What are AC/DC TIG Welders, and What Makes Them So Great?

Even if you’re relatively new to welding, you probably already know that AC and DC welding are types of arc welding using currents to produce an electric arc between an electrode and the metal to be fused. The process involves using a power supply to generate the arc, using either an alternating current (AC) or a direct current (DC).

Choosing a power source (AC or DC) determines the polarity of the electrical current running through the electrode and impacts the quality and strength of the weld.

Known as ‘straight’ or ‘reverse,’ the two types of current flow are sometimes referred to as ‘electrode negative’ and ‘electrode positive.’ The DC polarity is constant, while the AC polarity flows in one direction for half the time and half in the reverse direction.

Why would someone need an AC/DC TIG welder?

Many welders associate TIG with its use on thin metals only, but the reality is TIG welding has numerous applications for professionals and hobbyists. And AC/DC TIG welders are perfect for all those DIY projects such as automotive repairs and pipework.

An AC/DC welder is a versatile machine, giving extra flexibility to work with a broader range of metals and thicknesses with the option to work with alternating or direct current. The AC/DC TIG welder has features including variable current settings, up/down slope settings, a foot pedal, and several time controls, making it possible to expand the types of welds you can create and the types of metals you can work on.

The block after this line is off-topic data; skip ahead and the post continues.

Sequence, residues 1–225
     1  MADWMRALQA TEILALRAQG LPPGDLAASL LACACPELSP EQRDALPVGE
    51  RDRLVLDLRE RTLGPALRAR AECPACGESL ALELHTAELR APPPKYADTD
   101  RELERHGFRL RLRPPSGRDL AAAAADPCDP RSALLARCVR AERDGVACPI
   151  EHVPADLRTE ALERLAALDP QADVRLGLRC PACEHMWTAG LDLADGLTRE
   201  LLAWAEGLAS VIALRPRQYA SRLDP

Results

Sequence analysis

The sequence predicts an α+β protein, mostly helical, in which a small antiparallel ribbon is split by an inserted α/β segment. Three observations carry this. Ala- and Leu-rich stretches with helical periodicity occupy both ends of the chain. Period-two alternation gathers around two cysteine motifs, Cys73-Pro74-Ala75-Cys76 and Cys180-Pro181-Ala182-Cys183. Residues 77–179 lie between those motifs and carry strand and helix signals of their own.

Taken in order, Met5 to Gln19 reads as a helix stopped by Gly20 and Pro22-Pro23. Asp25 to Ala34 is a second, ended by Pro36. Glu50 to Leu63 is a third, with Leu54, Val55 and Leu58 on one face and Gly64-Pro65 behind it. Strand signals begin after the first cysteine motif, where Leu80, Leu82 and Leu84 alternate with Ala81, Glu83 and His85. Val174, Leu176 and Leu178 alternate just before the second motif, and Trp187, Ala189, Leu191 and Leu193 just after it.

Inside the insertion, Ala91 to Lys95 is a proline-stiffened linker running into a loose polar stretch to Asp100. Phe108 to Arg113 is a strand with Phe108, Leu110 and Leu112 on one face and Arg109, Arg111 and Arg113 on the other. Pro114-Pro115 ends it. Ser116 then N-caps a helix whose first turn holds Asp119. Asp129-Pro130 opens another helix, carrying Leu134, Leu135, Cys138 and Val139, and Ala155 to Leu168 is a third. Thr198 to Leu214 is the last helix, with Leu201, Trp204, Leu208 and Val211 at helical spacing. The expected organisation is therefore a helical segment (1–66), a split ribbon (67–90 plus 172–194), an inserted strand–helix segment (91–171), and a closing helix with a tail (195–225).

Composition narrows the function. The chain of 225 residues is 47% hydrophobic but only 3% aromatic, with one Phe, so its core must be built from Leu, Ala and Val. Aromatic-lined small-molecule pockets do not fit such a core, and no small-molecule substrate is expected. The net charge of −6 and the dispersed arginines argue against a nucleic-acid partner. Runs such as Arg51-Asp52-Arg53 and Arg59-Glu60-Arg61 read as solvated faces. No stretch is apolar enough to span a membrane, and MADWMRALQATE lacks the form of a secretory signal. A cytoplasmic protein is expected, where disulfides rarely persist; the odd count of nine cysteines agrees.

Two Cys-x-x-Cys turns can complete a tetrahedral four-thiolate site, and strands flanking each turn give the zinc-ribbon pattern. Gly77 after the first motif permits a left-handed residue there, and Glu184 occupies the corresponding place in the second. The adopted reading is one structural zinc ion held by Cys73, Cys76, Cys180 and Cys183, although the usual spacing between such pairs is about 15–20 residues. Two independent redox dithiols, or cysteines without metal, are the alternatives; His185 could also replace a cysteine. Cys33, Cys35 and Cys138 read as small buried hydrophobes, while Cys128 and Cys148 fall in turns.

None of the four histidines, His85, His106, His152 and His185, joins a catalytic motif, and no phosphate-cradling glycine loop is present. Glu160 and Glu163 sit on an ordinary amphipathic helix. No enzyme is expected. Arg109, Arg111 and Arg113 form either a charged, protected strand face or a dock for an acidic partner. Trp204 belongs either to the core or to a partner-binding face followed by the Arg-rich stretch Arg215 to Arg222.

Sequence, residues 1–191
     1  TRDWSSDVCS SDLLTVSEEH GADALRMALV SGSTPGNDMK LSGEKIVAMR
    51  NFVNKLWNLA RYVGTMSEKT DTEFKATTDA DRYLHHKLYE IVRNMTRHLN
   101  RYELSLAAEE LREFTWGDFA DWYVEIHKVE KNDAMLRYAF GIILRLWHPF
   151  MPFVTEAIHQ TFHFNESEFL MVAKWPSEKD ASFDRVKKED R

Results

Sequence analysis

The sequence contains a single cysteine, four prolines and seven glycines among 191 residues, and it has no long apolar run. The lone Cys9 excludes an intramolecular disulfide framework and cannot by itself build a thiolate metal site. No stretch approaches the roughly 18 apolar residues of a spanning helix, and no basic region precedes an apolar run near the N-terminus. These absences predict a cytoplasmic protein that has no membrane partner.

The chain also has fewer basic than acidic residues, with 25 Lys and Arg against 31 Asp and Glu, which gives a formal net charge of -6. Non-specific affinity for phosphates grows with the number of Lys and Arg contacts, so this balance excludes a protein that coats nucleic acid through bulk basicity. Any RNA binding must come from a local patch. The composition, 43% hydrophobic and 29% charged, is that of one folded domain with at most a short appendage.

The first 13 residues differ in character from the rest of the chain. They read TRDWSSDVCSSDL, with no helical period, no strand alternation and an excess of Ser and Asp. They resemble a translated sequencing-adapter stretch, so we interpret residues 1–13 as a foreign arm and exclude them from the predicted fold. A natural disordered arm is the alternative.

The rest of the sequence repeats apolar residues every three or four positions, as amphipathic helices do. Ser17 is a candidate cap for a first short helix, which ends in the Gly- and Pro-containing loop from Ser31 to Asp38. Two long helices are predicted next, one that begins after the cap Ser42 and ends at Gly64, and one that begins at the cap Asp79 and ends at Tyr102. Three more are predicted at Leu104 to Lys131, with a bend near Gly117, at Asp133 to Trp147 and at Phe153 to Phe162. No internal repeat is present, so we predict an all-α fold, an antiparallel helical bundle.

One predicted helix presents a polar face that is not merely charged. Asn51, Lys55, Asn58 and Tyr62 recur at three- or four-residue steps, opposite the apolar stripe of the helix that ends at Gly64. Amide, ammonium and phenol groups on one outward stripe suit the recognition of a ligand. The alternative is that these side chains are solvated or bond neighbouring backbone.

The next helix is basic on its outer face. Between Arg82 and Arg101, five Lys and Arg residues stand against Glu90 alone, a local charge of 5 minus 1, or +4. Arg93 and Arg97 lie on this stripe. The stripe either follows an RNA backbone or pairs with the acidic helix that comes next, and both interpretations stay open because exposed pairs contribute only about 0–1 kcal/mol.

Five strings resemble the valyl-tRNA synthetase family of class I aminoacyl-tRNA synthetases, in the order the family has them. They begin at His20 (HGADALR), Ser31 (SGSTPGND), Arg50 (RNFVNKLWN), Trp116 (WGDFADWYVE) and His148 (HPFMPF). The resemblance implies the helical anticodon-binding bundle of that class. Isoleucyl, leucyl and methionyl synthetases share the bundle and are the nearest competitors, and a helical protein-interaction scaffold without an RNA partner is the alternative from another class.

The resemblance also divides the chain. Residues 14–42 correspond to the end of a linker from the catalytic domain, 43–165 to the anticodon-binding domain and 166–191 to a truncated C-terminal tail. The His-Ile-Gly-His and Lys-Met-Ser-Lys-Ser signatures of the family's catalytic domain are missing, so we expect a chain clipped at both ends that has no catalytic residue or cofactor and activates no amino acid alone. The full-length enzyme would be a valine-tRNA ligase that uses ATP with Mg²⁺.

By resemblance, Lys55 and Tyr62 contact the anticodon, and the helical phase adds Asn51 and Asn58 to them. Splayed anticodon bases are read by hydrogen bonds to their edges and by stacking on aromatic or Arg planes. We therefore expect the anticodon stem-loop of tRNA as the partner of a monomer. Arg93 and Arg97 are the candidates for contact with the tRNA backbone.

What is AC TIG welding used for?

Welding aluminum is ideal for alternating current (AC) TIG welding since the alternating current has positive and negative cycles. The positive cycle has a scrubbing effect on the metal surface by removing oxides that adversely impact weld quality. In contrast, the negative cycle allows deeper weld penetration. The two cycles work together to produce high-quality aluminum welds.

Since this oxide layer encompasses aluminum, it is more challenging to weld. The oxide melts at a higher temperature (3200ºF) than the base metal (1200ºF) and needs to be broken up to produce a complete weld. Using AC enables a clear view of the weld pool.

Controlling the amount of heat applied to the weld is yet another potential problem since the conductivity strength of aluminum makes keeping enough heat in the weld pool difficult.

Much heat is required, but it needs to be controlled to prevent the weld pool from “running away” or a burn-through. Many experienced TIG welders use a shorter arc length to confine the heat to a smaller area or a foot pedal to allow them to adjust during the welding process.